May Day Musings: Leadership, Labour of Love and What Ails Business!

No Thought Leadership

Success in any sphere of business activity assumes many hues, often the result of a combination of factors, including inspirational leadership and a labour of love, not drudgery.

Passion for work goes beyond an eight-hour work week the adoption of which is behind the May Day celebration. It is a day that acknowledges the imperative for work-life balance even if the spirit behind it may be a pipedream in today’s competition-intense world amid a fragile, cyclical economy.

Leaders carry home an enviable compensation package with those helping them succeed having to be content with what may translate to chickenfeed. But lucre does not drive success, a passion for a chosen area of work does.

There can be no grudge against the hefty package leaders draw as long as they deliver by setting a strategic direction, without merely dovetailing their teams. It is only when they are seen to be undeserving of the rewards heaped on them, unable to live up to any build-up of hype, the corporate environment is stripped of the positivity essential for a win-win climate.

Leadership and Inspiration

Leaders must be ready to embrace rich ideas that emanate from resources around them – but if they end up as only followers, they lose traction and make a mockery of their roles.

Visionary Leadership and Innovative Thinking

Inspirational, visionary leadership has consistently found resonance in me and this has often gone beyond the corporate corridors I had been embedded in during the last more than two decades.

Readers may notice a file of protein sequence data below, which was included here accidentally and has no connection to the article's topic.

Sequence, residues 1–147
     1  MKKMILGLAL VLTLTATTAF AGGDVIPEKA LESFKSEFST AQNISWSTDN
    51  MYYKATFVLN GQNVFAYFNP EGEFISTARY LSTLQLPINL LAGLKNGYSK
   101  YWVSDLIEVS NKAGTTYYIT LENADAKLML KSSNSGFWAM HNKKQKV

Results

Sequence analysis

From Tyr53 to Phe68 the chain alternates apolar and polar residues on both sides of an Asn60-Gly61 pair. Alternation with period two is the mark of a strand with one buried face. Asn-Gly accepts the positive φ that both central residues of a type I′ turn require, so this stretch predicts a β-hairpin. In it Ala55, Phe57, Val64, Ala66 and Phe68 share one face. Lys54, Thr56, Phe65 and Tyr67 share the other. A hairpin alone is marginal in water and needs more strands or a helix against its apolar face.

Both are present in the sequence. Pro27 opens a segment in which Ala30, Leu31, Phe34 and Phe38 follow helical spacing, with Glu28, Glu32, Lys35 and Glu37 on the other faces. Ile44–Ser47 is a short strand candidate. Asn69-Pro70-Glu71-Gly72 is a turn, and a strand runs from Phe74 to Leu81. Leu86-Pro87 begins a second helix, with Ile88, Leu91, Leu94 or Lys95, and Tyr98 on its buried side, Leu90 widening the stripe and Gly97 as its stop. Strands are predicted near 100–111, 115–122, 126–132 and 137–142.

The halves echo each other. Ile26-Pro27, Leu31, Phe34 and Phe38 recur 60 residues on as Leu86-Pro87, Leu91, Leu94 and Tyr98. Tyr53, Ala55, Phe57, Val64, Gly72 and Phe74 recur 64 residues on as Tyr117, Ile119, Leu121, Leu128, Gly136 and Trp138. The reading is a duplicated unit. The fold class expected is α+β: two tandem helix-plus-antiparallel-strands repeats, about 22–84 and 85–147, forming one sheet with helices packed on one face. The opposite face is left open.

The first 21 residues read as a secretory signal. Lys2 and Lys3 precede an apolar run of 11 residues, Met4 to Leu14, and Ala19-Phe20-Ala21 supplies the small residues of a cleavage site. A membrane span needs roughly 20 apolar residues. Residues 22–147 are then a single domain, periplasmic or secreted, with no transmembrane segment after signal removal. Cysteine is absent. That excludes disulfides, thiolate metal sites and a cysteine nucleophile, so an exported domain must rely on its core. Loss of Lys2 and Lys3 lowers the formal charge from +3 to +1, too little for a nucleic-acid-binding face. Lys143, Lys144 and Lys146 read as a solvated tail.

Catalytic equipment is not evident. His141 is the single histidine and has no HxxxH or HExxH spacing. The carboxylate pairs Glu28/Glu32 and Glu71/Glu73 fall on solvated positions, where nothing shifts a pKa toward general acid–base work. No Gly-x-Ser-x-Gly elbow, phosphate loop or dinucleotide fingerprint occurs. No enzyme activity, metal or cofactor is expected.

While corridors may have changed, the areas of focus for collaborative execution have remained intact – they include pursuit management, thought leadership (within and beyond professional realms) and conceptualisation of win strategies.

Innovative thinking (as opposed to conventional business-as-usual monotony), futuristic solutions, team empowerment and operational excellence are integral components of a success strategy which will fall apart without transformational leadership.

They are values that have defined the phenomenal successes of companies such as Microsoft, Apple, Google and Cisco – all steered by visionary leaders. No copyright theft and no stroke of luck, with much credit for the impact they made on the market going to their first-of-its-kind product innovations and strong leadership.

A failure to demonstrate thought leadership is anomalous to the roles they hold. In my experience, I have found instances aplenty with heads of business units falling short of playing even an individual contributor role.

Put simply, such leaders are only a cost to the company who stack up little in terms of contributing to the corporate bottomline.

Sales leaders and their teams are generally content living in their own cocoon comprising an interlock with subpar partners and seeking to win deals on price, thereby paying little attention to win themes, thought leadership and customer intimacy.

A lack of drive to even carry out a root-cause analysis on bid losses only demonstrates an unwillingness to learn lessons from missteps so they can stay clear of them on future pursuits.

Even when they are done, keeping the debrief within a narrow sales circle and not taking sales-enablement teams into confidence serves no purpose. The result: history repeats itself, again and again!

Labour Day Reflections

EMBA Project – Aligning Strategies with Action Plan